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We are using the "Last-Modified" response header from the server and the "If-Modified-Since" request header for the resource validation. HTTP header definitions states that the "If-Modified-Since" SHOULD contain value received from the server (it does not prohibit usage of another value). At some point we started using a "last updated time" as value for the "If-Modified-Since" sent from the client. The "last updated time" is the time when client last time received an update from server (either new version of the resource or 304 error). We were told that we must not use any client generated time because of possible time synchronization issues.

Of course all times are expressed in GMT.

I could not find confirmation that this is a requirement. It would be nice to hear espert's opinion on it is a MUST to use a value returned from server as a value for the "If-Modified-Since" or there is some degree of flexibility? In what circumstances it is possible to use client generated time?

Thanks a lot

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up vote 1 down vote accepted

If the client's clock is ahead of the server's clock, it is invalid to specify a date/time that is after the server's current clock (the HTTP spec even says so).

If the client's clock is behind the server clock's, at the very least you might end up with a 200 reply when you might be expecting a 304 reply instead, which is not an error but would waste bandwidth sending a really-unmodified resource.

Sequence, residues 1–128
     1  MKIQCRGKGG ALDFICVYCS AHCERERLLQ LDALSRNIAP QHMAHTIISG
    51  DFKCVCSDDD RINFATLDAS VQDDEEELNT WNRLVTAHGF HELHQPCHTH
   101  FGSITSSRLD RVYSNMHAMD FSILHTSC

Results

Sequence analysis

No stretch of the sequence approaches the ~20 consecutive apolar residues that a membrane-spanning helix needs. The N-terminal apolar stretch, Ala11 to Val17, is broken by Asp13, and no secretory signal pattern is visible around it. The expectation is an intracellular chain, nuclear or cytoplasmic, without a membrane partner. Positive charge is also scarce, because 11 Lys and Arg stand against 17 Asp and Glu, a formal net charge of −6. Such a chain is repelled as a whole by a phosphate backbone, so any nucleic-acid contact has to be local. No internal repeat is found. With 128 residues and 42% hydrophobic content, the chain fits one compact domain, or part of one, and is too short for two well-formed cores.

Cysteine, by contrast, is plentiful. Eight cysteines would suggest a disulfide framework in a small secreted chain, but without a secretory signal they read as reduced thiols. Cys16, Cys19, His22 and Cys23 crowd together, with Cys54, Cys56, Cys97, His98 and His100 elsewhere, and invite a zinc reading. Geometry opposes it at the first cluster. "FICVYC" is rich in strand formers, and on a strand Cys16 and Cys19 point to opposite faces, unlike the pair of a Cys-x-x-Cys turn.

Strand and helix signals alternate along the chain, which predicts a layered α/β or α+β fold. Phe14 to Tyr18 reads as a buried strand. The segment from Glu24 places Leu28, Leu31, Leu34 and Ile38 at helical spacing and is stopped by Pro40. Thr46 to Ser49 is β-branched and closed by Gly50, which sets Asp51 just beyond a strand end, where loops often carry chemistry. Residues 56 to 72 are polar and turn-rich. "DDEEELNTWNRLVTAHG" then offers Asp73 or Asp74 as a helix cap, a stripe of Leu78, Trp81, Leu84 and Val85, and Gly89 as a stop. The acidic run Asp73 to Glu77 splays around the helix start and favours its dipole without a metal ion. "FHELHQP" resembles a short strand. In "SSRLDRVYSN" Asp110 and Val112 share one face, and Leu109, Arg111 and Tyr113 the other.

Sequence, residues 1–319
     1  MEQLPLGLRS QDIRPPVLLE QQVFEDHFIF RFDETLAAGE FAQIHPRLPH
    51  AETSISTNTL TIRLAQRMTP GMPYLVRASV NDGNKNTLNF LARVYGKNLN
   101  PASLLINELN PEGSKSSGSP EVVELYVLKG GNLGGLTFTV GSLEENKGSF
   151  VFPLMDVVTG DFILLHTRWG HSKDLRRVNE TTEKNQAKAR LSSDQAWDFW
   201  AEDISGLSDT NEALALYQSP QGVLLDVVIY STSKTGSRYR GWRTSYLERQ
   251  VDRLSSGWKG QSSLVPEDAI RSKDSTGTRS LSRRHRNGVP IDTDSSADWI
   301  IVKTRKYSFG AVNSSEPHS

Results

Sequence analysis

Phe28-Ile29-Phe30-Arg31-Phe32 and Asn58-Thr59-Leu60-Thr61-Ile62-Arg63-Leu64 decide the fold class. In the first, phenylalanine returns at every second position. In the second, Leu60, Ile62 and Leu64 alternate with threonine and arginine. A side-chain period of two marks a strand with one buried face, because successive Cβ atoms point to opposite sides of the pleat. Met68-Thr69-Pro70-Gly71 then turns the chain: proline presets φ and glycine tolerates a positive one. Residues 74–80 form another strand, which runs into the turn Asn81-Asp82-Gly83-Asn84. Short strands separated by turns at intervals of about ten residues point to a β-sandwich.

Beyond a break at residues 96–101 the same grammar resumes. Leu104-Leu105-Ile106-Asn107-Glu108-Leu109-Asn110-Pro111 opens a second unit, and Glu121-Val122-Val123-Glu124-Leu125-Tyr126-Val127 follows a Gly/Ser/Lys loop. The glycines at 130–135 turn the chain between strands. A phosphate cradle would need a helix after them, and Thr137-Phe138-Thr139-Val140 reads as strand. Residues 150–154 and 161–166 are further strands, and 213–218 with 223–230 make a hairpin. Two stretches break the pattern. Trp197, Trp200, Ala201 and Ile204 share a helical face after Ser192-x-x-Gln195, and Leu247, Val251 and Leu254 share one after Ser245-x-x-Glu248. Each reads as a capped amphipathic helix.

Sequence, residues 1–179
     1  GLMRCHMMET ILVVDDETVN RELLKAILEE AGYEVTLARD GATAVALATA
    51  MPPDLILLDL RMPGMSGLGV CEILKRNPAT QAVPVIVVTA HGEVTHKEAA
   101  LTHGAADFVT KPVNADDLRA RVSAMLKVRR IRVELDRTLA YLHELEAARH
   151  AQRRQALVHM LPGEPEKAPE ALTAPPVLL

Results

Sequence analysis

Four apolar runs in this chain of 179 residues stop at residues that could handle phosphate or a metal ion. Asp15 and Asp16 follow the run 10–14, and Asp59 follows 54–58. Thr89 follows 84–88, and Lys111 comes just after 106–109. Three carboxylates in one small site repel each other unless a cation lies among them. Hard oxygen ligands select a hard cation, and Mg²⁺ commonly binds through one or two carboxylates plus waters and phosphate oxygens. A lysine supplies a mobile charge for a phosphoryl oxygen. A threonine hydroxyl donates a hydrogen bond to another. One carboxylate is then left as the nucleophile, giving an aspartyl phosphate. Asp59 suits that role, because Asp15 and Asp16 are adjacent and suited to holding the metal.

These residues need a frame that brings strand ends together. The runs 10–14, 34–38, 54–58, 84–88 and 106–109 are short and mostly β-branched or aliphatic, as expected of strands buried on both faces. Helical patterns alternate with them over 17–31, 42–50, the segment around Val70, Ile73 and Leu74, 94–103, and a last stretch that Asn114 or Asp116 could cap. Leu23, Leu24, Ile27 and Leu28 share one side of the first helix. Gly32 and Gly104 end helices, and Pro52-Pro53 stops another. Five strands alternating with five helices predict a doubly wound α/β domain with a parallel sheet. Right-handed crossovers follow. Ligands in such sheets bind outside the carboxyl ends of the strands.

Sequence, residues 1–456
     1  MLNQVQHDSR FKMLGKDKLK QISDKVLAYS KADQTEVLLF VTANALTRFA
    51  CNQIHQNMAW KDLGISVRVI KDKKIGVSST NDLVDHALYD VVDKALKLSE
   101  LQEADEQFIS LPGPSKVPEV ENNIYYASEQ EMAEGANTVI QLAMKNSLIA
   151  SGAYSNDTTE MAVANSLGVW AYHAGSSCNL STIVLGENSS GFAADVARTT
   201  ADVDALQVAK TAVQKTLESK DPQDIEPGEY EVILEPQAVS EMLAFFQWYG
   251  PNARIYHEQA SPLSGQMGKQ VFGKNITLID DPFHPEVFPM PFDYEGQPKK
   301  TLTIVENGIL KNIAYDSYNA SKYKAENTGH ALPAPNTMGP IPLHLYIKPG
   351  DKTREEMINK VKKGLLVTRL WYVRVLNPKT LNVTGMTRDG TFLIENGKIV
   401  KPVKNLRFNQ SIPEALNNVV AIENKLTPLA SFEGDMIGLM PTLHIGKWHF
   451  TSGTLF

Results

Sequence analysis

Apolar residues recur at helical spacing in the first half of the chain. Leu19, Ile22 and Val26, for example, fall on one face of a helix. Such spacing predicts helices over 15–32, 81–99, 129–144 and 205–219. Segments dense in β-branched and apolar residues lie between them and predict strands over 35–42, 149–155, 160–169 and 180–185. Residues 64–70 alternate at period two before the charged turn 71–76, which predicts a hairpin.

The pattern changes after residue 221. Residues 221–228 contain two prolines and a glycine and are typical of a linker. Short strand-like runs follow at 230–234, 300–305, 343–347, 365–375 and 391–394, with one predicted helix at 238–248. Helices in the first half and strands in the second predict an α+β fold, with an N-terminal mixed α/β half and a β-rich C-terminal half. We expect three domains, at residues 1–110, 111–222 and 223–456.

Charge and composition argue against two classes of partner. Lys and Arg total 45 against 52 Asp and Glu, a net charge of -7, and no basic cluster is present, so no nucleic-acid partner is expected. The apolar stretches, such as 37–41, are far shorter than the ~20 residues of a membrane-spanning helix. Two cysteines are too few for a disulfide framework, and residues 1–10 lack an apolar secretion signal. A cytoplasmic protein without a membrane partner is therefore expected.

Either way, you are better off using the server's date/time values. In fact, the HTTP spec does says so in section 14.25:

Note: When handling an If-Modified-Since header field, some servers will use an exact date comparison function, rather than a less-than function, for deciding whether to send a 304 (Not Modified) response. To get best results when sending an If- Modified-Since header field for cache validation, clients are advised to use the exact date string received in a previous Last- Modified header field whenever possible.

Note: If a client uses an arbitrary date in the If-Modified-Since header instead of a date taken from the Last-Modified header for the same request, the client should be aware of the fact that this date is interpreted in the server's understanding of time. The client should consider unsynchronized clocks and rounding problems due to the different encodings of time between the client and server. This includes the possibility of race conditions if the document has changed between the time it was first requested and the If-Modified-Since date of a subsequent request, and the possibility of clock-skew-related problems if the If-Modified- Since date is derived from the client's clock without correction to the server's clock. Corrections for different time bases between client and server are at best approximate due to network latency.

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Thank you, good answer. So, client should better use server-side generated time but (if it is aware of problems) it may violate the rule. – LeonidVlad Apr 29 '13 at 22:48

If the client's clock is ahead of the server's clock, the client could miss ever getting an update if it asks for documents modified since it last received a copy using its own clock. Suppose the client clock is 5 seconds ahead. Consider this sequence of events:

  • At 1:00:00 by the server clock, 1:00:05 according to the client clock, Document X is created.
  • At 2:30:00 by the server clock, 2:30:05 according to the client clock, client asks to get Document X.
  • Server sends Document X with a Last-Modified header of 1:00:00.
  • At 2:30:03 by the server clock, Document X is modified.
  • At around 3:30, Client asks for Document X if it has been modified since 2:30:05.
  • Server replies, Not Modified.

It's not that the client has specified a time in the future from the server's point of view. The problem is that it won't get the document that was modified an hour before, because it's telling the server it already has it.

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